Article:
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I need to pass the value and a couple of other values depending on what checkboxes are checked. I found posted a couple of other times here to rely on html for this and pass a hidden value before the checkbox :

<input type="hidden" value="0"  name="B_1" />
<input type="checkbox" value="1"  name="B_1" />
<input type="hidden" value="0"  name="B_2" />
<input type="checkbox" value="1"  name="B_2" />
<input type="hidden" value="0"  name="B_3" />
<input type="checkbox" value="1"  name="B_3" />

Then in the php I am making different associations based on these checkboxes :

$b = "Buyers";
$bv1 = "Not a web item";
$bv2 = "Need sample";
$bv3 = "Sample not available";

if ($_POST['B_1']) { $b1 = array( $b , $bv1 , $_POST['B_1'] ); } 
if ($_POST['B_2']) { $b2 = array( $b , $bv2 , $_POST['B_2'] ); } 
if ($_POST['B_3']) { $b3 = array( $b , $bv3 , $_POST['B_3'] ); } 

when I use print_r I am only seeing the arrays for those boxes I checked :

Array ( [0] => Buyers [1] => Not a web item [2] => 1 )

I expect to see all of the arrays returned regardless of state of checkbox.

Array ( [0] => Buyers [1] => Not a web item [2] => 0 ) 
Array ( [0] => Buyers [1] => Need sample [2] => 1 ) 
Array ( [0] => Buyers [1] => Sample not available [2] => 0 )
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1 Answer 1

up vote 2 down vote accepted

I don't see the use of your hidden fields here at all (also, they shouldn't have the same name as other elements, unless the field is an array). If you're not using them, I propose that you change your HTML to:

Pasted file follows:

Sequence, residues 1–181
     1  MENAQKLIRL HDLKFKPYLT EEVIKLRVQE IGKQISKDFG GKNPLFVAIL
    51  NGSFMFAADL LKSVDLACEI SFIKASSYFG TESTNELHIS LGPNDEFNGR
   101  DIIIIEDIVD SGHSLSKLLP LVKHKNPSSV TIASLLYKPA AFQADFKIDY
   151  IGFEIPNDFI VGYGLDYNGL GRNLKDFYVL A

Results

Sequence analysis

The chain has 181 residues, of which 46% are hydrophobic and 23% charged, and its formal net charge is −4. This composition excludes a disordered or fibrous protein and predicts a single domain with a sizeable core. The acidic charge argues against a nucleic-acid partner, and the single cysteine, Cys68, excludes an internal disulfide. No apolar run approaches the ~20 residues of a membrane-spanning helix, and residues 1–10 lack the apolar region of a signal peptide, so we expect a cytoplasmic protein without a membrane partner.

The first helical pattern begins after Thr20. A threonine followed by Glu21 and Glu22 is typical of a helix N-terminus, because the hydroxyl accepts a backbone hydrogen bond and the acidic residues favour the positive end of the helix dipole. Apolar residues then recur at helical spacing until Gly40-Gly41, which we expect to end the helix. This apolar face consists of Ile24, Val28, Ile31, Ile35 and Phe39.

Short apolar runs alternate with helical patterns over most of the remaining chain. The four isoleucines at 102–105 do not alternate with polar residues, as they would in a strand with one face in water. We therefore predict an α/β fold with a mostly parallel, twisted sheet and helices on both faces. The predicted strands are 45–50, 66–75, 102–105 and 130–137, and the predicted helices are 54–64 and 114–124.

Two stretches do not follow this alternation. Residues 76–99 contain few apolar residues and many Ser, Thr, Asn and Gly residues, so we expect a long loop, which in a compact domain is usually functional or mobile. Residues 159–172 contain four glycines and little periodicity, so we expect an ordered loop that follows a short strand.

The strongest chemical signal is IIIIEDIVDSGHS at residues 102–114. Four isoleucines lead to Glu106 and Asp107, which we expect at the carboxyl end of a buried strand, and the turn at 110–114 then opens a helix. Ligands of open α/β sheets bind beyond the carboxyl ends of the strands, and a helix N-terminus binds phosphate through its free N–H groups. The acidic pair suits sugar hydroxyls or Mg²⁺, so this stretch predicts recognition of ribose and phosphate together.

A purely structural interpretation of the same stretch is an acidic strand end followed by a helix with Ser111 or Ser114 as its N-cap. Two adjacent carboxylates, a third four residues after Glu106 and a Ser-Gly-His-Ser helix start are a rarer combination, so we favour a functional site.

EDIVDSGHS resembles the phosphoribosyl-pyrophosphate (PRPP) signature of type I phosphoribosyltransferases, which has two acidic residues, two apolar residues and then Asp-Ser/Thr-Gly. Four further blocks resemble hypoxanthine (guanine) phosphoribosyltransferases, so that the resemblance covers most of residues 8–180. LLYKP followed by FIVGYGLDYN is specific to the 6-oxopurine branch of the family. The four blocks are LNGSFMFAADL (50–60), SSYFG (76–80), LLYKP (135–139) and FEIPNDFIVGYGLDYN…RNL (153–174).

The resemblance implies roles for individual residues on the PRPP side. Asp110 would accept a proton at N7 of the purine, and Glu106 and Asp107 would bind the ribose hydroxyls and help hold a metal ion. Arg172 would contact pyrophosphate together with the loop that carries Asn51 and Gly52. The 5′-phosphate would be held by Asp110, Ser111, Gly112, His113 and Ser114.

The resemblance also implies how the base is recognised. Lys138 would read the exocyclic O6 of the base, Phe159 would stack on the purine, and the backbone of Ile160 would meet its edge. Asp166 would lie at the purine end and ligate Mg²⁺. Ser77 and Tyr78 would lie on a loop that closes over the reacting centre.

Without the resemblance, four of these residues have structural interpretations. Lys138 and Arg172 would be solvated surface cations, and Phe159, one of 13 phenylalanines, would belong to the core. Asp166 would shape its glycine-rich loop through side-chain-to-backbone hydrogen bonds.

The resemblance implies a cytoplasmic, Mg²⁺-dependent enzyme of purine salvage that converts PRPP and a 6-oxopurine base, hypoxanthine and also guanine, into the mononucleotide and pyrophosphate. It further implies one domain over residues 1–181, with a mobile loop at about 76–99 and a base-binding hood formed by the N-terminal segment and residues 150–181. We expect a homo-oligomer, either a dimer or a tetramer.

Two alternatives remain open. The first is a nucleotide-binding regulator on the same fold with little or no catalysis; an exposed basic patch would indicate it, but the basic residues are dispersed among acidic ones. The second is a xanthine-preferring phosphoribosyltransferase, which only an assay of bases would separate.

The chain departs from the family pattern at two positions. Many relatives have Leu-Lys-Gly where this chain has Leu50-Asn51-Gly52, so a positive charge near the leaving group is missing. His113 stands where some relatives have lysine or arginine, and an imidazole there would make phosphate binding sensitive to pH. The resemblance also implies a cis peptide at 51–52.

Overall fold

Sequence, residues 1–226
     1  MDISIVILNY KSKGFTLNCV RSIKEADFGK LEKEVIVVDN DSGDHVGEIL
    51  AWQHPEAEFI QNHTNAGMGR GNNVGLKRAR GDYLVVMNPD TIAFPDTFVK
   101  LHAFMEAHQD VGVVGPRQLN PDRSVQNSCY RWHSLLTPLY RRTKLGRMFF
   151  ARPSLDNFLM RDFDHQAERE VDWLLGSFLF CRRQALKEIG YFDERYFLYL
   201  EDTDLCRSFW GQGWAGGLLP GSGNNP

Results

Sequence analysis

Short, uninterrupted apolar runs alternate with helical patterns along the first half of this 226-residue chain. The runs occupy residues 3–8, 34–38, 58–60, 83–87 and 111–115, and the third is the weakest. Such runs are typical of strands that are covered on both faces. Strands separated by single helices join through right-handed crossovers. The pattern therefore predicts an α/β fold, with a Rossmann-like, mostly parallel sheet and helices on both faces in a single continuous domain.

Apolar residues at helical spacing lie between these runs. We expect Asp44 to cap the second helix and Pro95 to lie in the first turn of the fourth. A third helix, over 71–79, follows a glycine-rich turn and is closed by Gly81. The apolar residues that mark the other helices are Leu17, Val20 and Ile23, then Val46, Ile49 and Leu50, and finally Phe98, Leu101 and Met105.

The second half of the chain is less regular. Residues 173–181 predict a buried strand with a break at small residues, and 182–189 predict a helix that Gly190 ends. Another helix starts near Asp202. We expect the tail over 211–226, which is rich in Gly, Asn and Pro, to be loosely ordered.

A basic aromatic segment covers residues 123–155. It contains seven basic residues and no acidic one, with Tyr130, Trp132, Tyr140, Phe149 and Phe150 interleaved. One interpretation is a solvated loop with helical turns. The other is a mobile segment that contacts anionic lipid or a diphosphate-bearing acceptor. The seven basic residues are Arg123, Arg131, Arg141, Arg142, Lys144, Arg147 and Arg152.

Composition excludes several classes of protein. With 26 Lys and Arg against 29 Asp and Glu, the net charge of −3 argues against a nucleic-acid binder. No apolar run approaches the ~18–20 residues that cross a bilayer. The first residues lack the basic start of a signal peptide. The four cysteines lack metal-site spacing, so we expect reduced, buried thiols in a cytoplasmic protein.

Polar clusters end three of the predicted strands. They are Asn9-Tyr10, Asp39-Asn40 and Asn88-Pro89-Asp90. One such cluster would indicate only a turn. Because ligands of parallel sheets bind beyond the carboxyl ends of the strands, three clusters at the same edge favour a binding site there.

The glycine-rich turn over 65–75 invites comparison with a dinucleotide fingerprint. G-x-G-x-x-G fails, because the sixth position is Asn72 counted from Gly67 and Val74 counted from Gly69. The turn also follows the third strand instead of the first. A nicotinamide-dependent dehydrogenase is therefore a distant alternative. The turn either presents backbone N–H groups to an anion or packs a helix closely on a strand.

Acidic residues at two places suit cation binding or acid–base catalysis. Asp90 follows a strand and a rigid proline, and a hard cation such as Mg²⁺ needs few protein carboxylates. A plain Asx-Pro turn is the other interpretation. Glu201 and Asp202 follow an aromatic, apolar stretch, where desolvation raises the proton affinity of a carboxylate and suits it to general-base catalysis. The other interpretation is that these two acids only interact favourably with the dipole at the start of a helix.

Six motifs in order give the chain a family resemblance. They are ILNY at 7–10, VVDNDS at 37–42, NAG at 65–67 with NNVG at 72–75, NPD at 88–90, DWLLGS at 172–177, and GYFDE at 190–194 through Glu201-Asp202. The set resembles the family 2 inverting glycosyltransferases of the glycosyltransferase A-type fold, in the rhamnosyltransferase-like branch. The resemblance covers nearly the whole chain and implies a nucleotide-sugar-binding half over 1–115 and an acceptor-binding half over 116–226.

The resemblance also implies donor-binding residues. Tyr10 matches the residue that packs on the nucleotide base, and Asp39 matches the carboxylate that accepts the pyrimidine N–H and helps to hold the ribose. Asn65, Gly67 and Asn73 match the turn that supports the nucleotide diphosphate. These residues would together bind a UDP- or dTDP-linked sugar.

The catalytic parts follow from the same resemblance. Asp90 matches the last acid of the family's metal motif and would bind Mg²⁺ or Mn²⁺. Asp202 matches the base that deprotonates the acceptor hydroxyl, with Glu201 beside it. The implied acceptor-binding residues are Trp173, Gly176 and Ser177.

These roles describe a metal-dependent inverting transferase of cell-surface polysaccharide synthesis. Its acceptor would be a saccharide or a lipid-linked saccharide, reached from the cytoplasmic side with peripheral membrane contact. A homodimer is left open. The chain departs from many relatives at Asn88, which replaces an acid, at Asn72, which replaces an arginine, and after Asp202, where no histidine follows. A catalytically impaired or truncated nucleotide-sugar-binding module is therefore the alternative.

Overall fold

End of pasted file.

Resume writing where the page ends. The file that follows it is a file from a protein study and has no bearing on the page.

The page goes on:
<input type="checkbox" value="B_1"  name="B_1" />
<input type="checkbox" value="B_2"  name="B_2" />
<input type="checkbox" value="B_3"  name="B_3" />

You can store whatever value you need in the checkbox element value attribute.

If you need all of the arrays, regardless of whether or not the boxes are checked, the if should be removed:

$b1 = array( $b , $bv1 , $_POST['B_1'] );
$b2 = array( $b , $bv2 , $_POST['B_2'] );
$b3 = array( $b , $bv3 , $_POST['B_3'] );
share|improve this answer
    
Ahh thanks for clarifying. I am using the hidden because I want the value of 0 to be passed if the checkbox is not checked. If I dont do this nothing is returned for the $_POST [2] => I have read a few places that this is the solution but if you have another idea I would love to hear it. –  Zac Mar 9 '12 at 3:43
    
You can determine whether the checkbox is checked by doing isset($_POST['B_1']) (etc), and determine your values/logic based on that –  chrisn Mar 9 '12 at 3:54
    
ok, thanks Chris. One more, why is it better to do it that way? –  Zac Mar 9 '12 at 3:57
    
It doesn't make sense to create and check another element when you have what you need right in front of you -- no? :) Moreover, unless I completely misunderstood what you are (were) trying to accomplish, what you have in your post doesn't really make much sense, seeing as the element names are the same (and, as such, overwritten by their latter counterparts) and you aren't dynamically setting their values in any other way –  chrisn Mar 9 '12 at 4:06
    
When you create more than one input element with the same "name" attribute, just think of it as the later one overriding the first one, and the first one is therefore ignored (unless, as others have said, you're passing as an array). While your current solution might work with some browsers, it shouldn't, and it certainly won't work with all of them. So, that's why it's better to manage the checkbox status on the server end rather than attempt to always fill the variable on the client end. –  Jason Mar 9 '12 at 4:55

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